The culture around fasting this year, which started on 23 April until 23 May 2020, is curtained by the Covid-19 pandemic. Normally, most Muslims jointly commence the fast at Masjid or home. When it is break time, some of the Muslims flock to the Masjid to break the daily fast together. But this year, all those practices accompanying daily fasting are absent, thereby providing a quite unalike fasting experience this year.
Ramadhan is the most sacred month for Muslims all over the world. It is the month in which every Muslim abstains from eating, drinking, smoking and lawful sex during daytime from dawn to dusk for a month. Fasting is one of the five pillars of Islam, and fasting is known and is widely practised by most world religions in one or another form (Quran2:183).
In each house, there are food and drinks acquired lawfully by each household, bought for sustenance of the family. Fasting, therefore, teaches one to abstain from lawfully acquired food and drinks for the entire day, which in retrospect teaches self-control, patience, and tolerance. A person should not become a slave of one’s low desires and should restrain oneself, Allah (God) Almighty promises paradise to that person (Quran79: 40-41), resulting in strengthening of one’s morality and self-control and consciousness of the Creator.
Tolerance in Islam relates to how one relates to the behaviour of others. Always try and understand the actions and behaviour of others. Once you understand what motivates others to behave the way they do, you will be better able to understand and accept their actions. It is not in your power to change others or to force others to accept your belief, because there is no compulsion in religion (Quran2:256).
We should always keep in mind that guidance is not from you and that Allah (God) Almighty in His power and wisdom would have made all people worship Him, He did not and you should not force people (Q10:100). Our ways of worship will, therefore, be different, as everyone worship in accordance with his or her belief and conviction (Quran109:4-6).
The hunger and thirst a fasting person feel and experience should teach a person to be empathetic towards the plight of others who are less fortunate within our communities. Generosity and feeding the poor and needy are also mentioned in the same verse together with fasting in the holy Quran (Quran 2:183 & 184).
What we recently witnessed in media of Muslim organizations and Muslim businesspersons distributing food and essential goods to the poor and the needy in the suburbs, is, therefore, the response to this verse. Through giving they associated themselves with daily deprivations felt by the less fortunate.
Namibians embraced the religion of Islam from around 1978 onwards and continue to do so until now. Many Namibian Muslims are therefore part and parcel of Namibia’s daily living. In addition, many Namibians met Muslims and were accommodated by Muslims in different countries during the days of the liberation struggle. Some of our leaders and the Swapo Party were well-treated by Muslim governments and their leaders, like Libya, Egypt, Algeria, Nigeria and other Muslim dominated countries.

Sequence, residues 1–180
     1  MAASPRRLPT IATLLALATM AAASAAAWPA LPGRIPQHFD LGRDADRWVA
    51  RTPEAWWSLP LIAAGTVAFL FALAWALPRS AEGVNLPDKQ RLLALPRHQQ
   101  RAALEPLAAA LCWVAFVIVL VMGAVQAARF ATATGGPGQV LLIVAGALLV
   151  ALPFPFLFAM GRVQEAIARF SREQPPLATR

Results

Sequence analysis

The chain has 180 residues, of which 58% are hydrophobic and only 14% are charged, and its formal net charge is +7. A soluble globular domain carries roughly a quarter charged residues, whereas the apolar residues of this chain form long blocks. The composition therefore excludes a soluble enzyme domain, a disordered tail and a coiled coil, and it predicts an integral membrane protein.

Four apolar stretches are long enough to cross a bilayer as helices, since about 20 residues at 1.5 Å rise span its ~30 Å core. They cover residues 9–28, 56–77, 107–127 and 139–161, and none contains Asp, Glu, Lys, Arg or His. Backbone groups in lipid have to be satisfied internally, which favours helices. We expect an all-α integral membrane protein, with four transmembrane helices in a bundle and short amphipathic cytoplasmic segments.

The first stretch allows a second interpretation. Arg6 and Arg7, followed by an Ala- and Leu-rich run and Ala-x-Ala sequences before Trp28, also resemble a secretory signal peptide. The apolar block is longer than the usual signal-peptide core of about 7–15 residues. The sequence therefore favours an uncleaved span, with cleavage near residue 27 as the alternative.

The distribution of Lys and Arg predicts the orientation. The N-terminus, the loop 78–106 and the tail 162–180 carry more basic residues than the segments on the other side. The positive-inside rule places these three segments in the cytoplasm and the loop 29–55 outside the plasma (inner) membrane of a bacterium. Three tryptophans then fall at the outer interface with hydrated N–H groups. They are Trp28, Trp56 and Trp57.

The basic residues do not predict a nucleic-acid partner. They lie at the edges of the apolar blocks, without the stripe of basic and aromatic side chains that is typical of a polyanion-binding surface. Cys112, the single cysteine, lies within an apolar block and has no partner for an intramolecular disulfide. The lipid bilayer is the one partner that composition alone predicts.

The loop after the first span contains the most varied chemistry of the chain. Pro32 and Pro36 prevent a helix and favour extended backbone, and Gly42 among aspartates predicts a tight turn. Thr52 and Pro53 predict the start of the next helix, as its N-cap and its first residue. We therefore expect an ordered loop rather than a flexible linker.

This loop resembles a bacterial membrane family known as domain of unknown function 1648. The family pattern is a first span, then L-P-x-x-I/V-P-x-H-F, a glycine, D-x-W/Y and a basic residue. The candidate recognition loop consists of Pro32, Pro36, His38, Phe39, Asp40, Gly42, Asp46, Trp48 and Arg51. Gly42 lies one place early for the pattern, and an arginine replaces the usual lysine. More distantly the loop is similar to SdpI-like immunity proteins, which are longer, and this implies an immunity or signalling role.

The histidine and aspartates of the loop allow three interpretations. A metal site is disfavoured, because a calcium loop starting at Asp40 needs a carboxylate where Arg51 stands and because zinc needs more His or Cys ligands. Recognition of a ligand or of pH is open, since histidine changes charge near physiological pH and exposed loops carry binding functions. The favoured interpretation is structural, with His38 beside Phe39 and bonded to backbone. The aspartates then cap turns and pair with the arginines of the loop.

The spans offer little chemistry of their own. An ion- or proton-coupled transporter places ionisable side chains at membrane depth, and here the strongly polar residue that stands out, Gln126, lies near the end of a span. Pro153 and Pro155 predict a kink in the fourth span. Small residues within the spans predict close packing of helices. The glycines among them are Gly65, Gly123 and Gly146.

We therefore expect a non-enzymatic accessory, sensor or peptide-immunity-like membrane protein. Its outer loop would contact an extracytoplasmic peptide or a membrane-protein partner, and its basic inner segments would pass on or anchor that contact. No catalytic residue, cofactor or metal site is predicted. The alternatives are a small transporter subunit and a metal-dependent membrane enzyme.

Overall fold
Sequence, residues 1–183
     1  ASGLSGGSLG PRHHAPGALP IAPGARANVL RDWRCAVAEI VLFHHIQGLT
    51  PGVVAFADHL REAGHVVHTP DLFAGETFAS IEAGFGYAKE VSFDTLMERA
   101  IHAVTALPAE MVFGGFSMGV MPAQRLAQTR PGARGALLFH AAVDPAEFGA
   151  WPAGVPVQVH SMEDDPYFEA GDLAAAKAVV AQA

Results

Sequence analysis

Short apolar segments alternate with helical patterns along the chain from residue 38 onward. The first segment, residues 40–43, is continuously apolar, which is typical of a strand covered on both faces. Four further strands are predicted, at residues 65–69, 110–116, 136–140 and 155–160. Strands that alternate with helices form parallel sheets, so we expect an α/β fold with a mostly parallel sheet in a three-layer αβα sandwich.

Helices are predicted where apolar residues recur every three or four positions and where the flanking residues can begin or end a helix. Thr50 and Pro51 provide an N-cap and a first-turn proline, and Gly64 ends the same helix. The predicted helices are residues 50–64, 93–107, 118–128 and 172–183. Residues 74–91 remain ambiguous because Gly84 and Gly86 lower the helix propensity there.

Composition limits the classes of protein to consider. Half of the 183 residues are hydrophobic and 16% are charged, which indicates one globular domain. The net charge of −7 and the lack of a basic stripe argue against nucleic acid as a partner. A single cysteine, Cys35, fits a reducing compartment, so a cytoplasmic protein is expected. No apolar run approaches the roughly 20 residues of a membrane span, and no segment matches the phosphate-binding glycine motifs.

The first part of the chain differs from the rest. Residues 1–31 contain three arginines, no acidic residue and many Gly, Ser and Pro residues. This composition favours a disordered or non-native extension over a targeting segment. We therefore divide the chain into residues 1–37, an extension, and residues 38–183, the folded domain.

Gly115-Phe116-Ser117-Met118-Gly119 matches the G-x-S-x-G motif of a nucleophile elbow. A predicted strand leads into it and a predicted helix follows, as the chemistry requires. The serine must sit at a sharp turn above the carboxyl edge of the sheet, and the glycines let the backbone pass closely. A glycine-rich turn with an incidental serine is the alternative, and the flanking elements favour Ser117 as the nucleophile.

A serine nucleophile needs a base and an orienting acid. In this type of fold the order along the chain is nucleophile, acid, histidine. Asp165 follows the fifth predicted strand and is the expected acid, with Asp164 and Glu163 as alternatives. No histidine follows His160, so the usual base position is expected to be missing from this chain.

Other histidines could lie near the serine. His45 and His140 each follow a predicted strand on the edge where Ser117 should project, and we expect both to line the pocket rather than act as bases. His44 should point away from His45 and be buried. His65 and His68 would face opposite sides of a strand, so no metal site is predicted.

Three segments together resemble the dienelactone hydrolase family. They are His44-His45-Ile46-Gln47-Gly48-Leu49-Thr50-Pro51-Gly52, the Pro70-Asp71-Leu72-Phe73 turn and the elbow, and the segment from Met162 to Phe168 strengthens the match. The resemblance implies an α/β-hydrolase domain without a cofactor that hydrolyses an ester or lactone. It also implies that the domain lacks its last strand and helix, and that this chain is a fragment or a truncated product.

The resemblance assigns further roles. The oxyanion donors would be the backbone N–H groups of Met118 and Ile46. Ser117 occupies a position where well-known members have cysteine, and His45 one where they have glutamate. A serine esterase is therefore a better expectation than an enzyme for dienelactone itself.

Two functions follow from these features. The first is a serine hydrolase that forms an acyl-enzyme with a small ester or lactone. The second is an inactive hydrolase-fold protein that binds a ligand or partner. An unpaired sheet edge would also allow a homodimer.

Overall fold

Our leaders narrated types of assistance the Swapo Party received from the Muslim countries. Our leaders were provided with passports to travel from country to country and to attend major conferences and world events. One such leader mentioned to me his Muslim name that was in the passport. Our leadership, therefore, showed understanding and tolerance of Islam and Muslims whenever one approaches them or are in their company.
Namibian Muslims are therefore required to adhere to teachings and tenets of Islam like fasting, daily five-time prayers, pay zakat and to be kind and friendly to others. They should strive to be upright in all dealings with others. Abbas (RA) narrated that a man asked the Prophet (SAW), tell me what should I do to be admitted to Paradise and he (SAW) answered: Worship Allah, associate nothing with Him, observe Salat, pay Zakat and strengthen the ties of kinship (Bukhari, Muslim).
As we live amongst our people as family and as Namibians, we equally experience daily challenges, be it the current Covid-19 pandemic, lack of employment, poverty, lack of productivity within Namibia, and lack of housing and sanitation. How to overcome these challenges and being part of the solution should be our aim, which we are striving towards.
Currently, many Namibian Muslims are involved in providing services and expertise in diverse sectors. They serve in public and foreign service, parastatals, universities, non-governmental organisations, safety and security, private sector like financial sector and communication sector, and so forth. Muslims from other countries resident and doing business in Namibia also form part of those providing essential services and engaging in commercially viable business projects. We said earlier that we should be part of the solution, and not to be part of the problem. We should, therefore, strive to improve our livelihoods, and be self-reliant in our income and be generous in helping others to improve their living. The negativity around Islam and Muslims should be changed through your actions. Be moderate and not be extreme, as this is the virtue of Islam. Live in harmony, love, and respect others.
Let us use this period of fasting to reflect on our role and purpose in life. What is expected from each one of us? As Namibian and a Muslim, what should I do for the people and my government, rather than, what should my government do for me? That type of mindset will enable us to be involved in doing good and to avoid evil (Quran3:104).
Wishing you more blessings for the month of Ramadhan and thereafter. Let us emerge as a productive force, holding the hands of vanguards of Namibia to take this country to greater heights of prosperity and productiveness. RAMADHAN MUBAARAK!
2020-05-13 10:06:23 | 3 months ago